Cité de Carcassonne L'Histoire pour Terroir
The ramparts offer sweeping views of the vineyards which peacefully surround the mediaeval walled city of Carcassonne. The vineyards are bordered in the West by the Malepère area, in the South by the foothills of the Pyrenees, and in the East by the Minervois and the Corbières. How many areas can boast two Unesco heritage sites within their boundaries! Here, there is the walled city of Carcassonne, from which the wine region takes its name, as well as the Canal du Midi, which wends its way past the city. Yet, both were almost lost forever. People had begun dismantling the ramparts when Prosper Mérimée fell in love with the mediaeval fortifications and tasked Eugène Viollet-le-Duc with restoring them. As for the Canal, town councillors in Carcassonne were unwilling to loosen the purse strings to pay for the canal to run past the city and the present-day route dates from 1810. This, now world-famous site, was a natural choice for wine growers to name their area. Although their wines bear the archetypal body and structure typical of Mediterranean offerings, they also display a freshness and elegance that is characteristic of their Atlantic influence. Their sales have not only benefited from the growth in tourism, but also from a series of major events occurring during the summer in one of France’s most visited towns.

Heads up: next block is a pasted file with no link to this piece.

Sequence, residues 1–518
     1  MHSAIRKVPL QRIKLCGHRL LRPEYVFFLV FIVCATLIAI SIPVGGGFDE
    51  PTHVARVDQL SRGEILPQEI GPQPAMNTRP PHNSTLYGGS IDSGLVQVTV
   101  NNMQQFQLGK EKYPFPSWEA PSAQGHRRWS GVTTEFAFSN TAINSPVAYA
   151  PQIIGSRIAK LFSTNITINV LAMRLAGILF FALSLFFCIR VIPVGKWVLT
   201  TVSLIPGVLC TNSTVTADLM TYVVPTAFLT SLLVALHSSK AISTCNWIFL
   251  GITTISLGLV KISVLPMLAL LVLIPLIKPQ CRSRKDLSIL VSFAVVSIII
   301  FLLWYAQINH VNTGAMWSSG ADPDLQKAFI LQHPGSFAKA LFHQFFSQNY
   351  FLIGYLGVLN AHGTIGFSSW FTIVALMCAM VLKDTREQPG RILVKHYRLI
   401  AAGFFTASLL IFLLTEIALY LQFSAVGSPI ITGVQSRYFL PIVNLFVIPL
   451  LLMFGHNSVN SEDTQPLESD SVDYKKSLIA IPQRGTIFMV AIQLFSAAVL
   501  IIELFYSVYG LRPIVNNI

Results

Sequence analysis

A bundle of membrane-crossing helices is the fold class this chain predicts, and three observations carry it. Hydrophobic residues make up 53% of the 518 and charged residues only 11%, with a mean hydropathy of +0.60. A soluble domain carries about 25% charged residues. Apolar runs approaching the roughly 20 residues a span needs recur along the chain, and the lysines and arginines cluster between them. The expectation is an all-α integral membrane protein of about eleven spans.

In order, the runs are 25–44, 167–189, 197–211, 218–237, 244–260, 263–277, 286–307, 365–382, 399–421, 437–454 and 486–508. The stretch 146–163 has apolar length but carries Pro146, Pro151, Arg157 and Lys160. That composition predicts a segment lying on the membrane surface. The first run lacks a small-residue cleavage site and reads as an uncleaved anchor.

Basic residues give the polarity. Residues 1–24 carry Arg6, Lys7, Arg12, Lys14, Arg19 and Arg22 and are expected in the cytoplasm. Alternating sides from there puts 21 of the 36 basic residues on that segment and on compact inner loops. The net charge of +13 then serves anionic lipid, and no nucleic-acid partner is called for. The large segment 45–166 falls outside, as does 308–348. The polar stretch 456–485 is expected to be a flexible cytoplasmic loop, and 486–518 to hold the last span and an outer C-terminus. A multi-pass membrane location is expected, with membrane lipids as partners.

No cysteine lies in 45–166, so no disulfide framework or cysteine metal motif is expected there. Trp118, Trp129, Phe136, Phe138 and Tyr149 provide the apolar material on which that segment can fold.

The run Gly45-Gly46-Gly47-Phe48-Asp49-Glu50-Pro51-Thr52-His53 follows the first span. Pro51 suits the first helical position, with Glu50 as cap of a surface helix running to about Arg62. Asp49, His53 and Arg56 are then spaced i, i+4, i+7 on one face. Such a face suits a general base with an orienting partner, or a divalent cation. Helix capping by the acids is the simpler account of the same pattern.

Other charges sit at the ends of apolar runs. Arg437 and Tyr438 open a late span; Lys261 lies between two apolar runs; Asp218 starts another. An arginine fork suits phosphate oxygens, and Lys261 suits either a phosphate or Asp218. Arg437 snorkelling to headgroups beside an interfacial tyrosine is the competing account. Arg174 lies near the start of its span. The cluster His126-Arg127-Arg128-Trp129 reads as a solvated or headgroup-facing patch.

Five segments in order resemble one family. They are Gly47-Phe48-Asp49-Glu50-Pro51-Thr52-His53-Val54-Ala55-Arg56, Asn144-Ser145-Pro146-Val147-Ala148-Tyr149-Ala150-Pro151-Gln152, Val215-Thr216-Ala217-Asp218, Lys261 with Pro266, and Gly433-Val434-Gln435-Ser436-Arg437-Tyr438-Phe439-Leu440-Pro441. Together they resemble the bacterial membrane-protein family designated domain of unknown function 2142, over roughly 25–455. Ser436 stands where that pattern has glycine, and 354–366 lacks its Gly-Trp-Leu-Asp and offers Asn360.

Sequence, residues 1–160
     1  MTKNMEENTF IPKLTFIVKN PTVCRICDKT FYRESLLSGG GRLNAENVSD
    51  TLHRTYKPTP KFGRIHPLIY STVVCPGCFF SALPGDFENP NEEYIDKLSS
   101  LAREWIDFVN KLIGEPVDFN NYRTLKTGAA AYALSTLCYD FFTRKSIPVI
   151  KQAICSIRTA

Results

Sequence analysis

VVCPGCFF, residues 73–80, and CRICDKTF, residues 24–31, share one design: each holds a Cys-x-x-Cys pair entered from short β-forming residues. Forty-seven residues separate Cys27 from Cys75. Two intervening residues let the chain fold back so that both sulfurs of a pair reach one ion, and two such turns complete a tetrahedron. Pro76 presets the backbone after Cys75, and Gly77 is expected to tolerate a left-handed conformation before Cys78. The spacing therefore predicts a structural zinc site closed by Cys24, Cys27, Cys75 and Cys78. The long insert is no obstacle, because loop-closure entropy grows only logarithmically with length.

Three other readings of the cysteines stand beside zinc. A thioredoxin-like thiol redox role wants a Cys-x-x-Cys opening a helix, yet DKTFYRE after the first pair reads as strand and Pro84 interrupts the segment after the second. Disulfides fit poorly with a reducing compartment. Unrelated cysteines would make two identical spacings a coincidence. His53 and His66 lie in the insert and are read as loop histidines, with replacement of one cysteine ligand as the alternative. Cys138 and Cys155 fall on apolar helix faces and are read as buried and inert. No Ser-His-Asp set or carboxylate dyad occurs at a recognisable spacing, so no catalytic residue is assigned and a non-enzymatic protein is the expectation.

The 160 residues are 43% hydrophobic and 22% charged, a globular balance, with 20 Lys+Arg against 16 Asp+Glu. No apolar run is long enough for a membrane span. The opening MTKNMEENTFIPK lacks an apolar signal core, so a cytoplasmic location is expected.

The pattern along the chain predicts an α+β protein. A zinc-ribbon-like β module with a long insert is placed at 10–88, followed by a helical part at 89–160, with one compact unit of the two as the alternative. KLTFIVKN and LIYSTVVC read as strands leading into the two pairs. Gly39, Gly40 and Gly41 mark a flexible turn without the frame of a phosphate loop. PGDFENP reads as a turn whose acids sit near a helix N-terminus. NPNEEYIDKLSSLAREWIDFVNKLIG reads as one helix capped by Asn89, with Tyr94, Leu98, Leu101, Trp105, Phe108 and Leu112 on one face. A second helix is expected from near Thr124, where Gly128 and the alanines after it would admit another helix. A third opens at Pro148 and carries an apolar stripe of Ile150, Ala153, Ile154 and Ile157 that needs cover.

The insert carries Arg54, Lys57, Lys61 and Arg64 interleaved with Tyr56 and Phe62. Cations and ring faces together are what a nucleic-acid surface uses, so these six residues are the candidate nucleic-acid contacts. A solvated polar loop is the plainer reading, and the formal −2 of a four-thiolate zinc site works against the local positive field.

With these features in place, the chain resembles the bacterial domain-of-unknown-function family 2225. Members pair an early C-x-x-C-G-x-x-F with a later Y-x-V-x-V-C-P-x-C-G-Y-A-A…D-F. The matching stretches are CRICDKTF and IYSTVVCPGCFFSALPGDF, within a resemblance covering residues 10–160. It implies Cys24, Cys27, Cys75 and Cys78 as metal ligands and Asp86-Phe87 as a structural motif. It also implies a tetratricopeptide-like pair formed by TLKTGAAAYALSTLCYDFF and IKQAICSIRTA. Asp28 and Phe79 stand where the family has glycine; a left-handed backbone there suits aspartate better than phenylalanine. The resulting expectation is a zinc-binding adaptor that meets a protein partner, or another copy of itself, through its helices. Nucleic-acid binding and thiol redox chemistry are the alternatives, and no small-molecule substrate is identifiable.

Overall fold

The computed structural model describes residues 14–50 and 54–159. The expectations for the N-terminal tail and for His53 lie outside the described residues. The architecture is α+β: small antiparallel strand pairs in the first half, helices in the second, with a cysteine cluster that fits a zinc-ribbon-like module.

36 500 hl
6 Co-operative wineries
25 Independent wineries